Iran’s water management authority says that after a season of heavy rains and weeks of flooding, 82 percent of the country’s dam capacity is full.
Iran was suffering from dangerous drought for nearly a decade and some cities were facing water shortages as recently as last summer. But the winter and spring of 2018-2019 had a different story to tell. After good precipitation in fall and winter, heavy rains began in March and lasted into April, flooding vast parts of the county and even endangering some of its biggest dams.
According to a report released by Iran Water resources Management Company, in this season 55 billion cubic meters of water has been released from dozens of dams, while in the previous season this number reached just 17 billion. The total capacity of operational dams is around 50 billion cubic meters or more than 13 billion US gallons.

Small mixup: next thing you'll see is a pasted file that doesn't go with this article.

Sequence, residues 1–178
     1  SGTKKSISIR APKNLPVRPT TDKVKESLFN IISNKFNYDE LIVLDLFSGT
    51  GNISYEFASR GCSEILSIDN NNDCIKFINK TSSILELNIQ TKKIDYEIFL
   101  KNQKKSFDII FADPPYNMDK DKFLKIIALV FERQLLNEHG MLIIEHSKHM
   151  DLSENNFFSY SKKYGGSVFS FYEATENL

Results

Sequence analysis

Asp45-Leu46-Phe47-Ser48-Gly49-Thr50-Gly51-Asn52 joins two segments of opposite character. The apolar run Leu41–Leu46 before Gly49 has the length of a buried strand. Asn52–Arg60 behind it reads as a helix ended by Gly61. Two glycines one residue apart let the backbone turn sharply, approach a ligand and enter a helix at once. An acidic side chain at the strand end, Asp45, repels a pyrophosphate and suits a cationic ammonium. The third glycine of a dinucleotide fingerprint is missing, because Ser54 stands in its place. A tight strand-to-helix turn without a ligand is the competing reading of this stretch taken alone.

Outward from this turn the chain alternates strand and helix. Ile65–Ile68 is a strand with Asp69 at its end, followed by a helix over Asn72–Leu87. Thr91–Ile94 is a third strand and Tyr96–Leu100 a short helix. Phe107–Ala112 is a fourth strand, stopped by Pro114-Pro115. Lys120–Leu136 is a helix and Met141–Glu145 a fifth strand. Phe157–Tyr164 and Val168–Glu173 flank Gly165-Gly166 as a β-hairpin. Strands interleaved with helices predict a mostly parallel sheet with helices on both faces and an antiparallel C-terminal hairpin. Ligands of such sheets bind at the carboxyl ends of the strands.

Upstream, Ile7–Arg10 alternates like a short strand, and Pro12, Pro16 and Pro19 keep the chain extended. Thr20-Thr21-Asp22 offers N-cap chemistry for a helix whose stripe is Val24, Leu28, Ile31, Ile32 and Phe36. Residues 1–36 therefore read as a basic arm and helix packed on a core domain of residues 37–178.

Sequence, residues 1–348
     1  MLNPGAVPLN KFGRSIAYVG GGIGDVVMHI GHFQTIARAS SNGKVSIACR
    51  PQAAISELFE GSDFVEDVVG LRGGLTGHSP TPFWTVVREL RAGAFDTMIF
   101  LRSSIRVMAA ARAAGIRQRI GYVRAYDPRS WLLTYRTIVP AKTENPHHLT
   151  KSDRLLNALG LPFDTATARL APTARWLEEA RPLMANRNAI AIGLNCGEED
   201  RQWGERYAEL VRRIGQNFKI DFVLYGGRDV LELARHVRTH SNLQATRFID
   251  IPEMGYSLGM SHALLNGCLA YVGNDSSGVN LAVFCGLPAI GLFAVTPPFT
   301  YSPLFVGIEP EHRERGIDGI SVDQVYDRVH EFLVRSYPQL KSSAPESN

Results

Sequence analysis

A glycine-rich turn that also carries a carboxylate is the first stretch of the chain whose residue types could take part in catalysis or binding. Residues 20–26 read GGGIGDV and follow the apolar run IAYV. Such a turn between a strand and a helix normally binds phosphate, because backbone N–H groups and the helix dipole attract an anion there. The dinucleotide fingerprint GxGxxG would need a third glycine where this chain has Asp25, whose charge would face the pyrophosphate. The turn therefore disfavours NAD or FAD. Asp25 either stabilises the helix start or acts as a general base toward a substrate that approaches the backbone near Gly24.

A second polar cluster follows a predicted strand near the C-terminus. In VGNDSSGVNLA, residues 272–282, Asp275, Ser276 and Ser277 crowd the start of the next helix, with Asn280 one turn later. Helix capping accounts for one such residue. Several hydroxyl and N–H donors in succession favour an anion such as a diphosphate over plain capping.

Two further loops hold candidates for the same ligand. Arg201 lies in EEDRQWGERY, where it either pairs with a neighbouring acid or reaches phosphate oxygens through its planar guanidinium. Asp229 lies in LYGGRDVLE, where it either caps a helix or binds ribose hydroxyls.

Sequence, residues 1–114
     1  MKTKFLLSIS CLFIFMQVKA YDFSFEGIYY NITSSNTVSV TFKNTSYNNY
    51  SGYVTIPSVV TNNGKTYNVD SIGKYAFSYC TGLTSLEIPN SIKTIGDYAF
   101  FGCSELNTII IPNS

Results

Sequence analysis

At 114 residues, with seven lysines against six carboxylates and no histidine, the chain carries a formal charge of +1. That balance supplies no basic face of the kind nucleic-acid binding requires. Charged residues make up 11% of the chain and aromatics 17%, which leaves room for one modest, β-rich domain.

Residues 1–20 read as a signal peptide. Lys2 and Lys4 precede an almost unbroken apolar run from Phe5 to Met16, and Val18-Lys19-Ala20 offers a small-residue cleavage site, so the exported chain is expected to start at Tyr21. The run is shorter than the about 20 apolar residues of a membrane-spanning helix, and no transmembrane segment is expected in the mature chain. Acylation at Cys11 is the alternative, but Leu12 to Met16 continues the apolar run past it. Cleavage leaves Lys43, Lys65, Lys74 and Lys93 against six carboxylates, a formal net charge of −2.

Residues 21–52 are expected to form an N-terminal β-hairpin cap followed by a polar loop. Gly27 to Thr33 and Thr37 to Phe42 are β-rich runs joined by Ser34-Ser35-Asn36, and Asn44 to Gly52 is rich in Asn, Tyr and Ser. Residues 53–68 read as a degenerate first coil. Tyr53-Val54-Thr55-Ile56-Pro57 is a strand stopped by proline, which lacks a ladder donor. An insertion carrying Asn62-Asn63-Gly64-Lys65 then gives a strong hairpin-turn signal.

Currently, dams are holding 41 billion cubic meters of water or 10.8 billion gallons. During the previous season there was just under 27 billion cubic meters. It means this year Iran has 53 percent more water behind its dams.
But all this came at a cost. Nearly 100 people lost their lives in floods and the country suffered $10 billion of damages in March and April. Although the government has promised compensation, it is almost impossible to help people rebuild, with oil and other exports drastically reduced by U.S. economic sanctions.
After four decades in power, the Islamic Republic heavily depends on oil income to finance its operations, as an inefficient economic system, huge subsidies for essential good and unproductive institutions; made worse by corruption and sanctions have led to a spiral of dependency on oil exports.